Competition Angling

Competitive angling seems to receive a fair amount of negative comment, as one acquaintance said ‘nothing but cheats and w*nkers, but competition anglers have revolutionised angling over the last decades. The serious competitive anglers in their search for an edge very often have devised techniques and tackle we now take for granted. The same competitors often devise fly patterns and styles that find their way into mainstream angling, improving the chances for all who fish.

What kind of person is a competition angler? All anglers are competitors, either with their Quarry, friendly competition with their boat partner, or the occasional club competition, or maybe a competition such as the world cup on mask, in which most anglers fishing are only along for the craic.

The main difference for the serious competitor is that we work at it. A day on the Lough tends to become 8 hours hard work. Total commitment, hours of practice with different methods and techniques, practice days using flies and lines you don’t think will work, but need to try in case they do. Like all successful sports people, even successful businessmen et al, it takes work, more work, and hard work to be a success. It is possible to win without working, but to do it consistently takes practice and work. When fishing river competitions with drawn beats, luck does come into it, but even on good beats the better anglers will come out on top.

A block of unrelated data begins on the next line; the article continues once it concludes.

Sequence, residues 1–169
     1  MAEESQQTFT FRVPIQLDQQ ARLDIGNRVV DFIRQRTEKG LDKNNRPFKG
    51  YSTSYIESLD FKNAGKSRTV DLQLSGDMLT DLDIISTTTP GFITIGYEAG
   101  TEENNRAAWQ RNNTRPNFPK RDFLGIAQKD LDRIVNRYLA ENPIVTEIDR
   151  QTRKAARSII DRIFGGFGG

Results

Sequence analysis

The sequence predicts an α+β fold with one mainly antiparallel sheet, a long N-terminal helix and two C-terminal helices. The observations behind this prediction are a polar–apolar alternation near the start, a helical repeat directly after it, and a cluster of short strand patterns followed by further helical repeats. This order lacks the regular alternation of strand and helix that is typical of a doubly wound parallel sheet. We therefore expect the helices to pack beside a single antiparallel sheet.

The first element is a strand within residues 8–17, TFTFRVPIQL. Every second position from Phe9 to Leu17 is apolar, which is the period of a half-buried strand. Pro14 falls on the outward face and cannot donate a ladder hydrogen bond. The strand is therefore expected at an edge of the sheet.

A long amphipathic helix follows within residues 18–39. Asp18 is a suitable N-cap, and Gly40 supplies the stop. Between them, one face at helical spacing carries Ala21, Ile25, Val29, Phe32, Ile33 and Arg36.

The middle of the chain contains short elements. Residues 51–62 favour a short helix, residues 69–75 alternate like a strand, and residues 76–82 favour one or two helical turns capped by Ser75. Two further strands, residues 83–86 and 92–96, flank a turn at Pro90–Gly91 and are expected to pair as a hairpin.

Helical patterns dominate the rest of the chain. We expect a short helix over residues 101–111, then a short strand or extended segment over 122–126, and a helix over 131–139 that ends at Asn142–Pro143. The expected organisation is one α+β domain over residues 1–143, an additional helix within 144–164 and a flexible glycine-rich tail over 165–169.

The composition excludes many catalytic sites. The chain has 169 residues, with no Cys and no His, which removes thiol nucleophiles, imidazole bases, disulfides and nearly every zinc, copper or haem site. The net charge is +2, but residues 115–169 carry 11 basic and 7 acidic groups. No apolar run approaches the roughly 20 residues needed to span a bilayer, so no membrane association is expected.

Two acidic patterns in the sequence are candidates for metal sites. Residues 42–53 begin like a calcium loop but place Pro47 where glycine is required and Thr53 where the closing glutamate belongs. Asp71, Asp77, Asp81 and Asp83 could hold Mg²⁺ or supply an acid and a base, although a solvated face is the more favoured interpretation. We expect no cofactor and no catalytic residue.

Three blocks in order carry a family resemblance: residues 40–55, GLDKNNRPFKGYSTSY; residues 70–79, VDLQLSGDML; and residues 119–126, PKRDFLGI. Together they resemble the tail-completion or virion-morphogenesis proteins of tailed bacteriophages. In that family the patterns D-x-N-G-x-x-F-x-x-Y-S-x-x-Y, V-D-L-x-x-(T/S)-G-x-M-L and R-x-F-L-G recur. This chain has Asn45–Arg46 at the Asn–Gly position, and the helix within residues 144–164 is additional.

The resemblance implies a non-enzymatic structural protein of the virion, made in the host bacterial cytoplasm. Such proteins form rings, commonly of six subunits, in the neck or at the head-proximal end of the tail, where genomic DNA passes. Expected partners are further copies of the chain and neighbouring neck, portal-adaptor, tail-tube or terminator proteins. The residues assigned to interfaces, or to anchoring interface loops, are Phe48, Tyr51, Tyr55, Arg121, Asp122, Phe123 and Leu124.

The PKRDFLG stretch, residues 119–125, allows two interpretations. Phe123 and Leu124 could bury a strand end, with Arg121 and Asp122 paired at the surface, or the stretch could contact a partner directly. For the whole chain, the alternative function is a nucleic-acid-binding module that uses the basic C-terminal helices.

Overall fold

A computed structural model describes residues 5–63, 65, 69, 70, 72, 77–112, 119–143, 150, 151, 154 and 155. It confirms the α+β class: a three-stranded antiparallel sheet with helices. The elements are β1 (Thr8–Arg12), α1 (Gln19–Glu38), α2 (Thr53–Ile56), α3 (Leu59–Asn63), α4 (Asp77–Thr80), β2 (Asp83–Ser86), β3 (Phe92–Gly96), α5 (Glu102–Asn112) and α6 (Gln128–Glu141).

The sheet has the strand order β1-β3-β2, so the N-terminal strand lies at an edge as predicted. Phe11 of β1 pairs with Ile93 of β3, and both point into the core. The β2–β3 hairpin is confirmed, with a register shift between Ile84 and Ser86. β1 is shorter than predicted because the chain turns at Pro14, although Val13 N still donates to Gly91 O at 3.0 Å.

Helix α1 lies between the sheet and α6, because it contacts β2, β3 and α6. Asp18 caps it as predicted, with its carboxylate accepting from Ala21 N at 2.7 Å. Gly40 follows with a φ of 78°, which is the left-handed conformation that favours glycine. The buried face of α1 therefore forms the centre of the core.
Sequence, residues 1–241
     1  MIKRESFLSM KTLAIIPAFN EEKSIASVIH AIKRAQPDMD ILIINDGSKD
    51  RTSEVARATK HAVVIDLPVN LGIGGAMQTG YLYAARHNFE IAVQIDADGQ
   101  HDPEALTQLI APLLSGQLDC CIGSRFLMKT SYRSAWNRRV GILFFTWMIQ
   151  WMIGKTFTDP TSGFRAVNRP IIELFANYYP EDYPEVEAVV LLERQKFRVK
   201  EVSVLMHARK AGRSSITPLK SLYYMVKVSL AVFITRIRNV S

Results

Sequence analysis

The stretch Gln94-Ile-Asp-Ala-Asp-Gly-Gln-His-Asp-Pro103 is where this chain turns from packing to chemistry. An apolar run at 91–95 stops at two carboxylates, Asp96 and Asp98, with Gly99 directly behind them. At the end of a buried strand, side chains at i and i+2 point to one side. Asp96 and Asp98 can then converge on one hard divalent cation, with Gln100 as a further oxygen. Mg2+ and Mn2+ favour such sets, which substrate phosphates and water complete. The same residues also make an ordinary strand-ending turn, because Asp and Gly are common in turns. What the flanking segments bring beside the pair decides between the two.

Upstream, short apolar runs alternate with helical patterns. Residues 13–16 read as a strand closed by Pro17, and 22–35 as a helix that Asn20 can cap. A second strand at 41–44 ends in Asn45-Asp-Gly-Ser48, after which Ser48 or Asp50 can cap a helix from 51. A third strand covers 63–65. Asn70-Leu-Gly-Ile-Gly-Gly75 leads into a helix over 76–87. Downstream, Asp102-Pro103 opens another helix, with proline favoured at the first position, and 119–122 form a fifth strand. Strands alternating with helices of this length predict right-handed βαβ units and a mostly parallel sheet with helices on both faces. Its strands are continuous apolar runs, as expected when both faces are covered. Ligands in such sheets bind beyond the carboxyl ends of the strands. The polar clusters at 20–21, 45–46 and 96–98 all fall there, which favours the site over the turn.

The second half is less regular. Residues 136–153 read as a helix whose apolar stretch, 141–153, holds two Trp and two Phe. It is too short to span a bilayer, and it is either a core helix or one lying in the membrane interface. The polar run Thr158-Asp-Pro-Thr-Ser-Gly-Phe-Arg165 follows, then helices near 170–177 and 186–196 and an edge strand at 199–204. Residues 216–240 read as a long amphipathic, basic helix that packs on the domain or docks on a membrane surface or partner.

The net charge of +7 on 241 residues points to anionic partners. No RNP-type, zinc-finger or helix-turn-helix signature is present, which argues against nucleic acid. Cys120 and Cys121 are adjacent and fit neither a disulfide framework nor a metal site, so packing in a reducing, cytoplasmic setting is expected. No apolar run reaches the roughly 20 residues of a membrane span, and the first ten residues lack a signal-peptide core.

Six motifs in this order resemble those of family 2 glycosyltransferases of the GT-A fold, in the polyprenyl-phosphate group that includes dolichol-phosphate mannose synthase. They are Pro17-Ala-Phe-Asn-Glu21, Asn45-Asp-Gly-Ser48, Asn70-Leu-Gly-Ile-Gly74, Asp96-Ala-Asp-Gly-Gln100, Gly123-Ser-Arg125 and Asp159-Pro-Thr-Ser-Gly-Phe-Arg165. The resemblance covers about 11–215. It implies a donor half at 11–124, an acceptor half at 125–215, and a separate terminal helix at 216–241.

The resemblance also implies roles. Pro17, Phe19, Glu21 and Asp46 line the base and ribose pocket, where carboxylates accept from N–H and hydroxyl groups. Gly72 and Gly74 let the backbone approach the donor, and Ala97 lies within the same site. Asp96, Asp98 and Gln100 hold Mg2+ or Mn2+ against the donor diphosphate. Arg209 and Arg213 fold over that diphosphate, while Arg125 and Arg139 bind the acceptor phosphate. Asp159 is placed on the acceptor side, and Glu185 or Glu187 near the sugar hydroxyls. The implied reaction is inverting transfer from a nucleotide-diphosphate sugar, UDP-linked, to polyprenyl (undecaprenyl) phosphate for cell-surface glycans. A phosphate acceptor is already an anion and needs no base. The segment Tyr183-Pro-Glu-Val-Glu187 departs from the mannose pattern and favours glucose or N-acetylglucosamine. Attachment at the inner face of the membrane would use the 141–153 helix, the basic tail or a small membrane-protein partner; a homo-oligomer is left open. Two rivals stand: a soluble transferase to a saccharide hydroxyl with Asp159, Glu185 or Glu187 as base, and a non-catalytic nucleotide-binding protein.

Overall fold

Most of my competition fishing has been done on the Loughs, I prefer fishing these competitions. I have won on rivers, but prefer to leave them for a couple of hours of enjoyment as a pleasure angler, not working for another competition. The last few years I have found I no longer work so hard at competing, as they say I have lost my edge. This is partly due to the fact that having represented Ireland internationally and been Irish Champion I now find myself less hungry for success. That being said, maybe I am just tired of hard work.

But enough meandering, the purpose of this article is to give the angler an insight into what makes a successful competition angler. I would say concentration is one of the most important ingredients. Total concentration. Every fish missed is a fish lost. Every fish not seen is a fish lost. Every fish lost is one less to weigh in, one less than somebody else.